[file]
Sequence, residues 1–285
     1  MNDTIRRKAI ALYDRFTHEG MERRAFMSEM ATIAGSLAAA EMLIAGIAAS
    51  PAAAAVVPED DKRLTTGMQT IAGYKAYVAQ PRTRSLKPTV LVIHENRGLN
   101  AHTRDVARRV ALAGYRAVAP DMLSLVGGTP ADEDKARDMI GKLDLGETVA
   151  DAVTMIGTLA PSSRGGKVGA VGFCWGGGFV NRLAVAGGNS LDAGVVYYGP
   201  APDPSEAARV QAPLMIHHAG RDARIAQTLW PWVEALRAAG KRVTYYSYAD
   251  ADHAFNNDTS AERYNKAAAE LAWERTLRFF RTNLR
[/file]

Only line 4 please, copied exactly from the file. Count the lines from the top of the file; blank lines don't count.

   101  AHTRDVARRV ALAGYRAVAP DMLSLVGGTP ADEDKARDMI GKLDLGETVA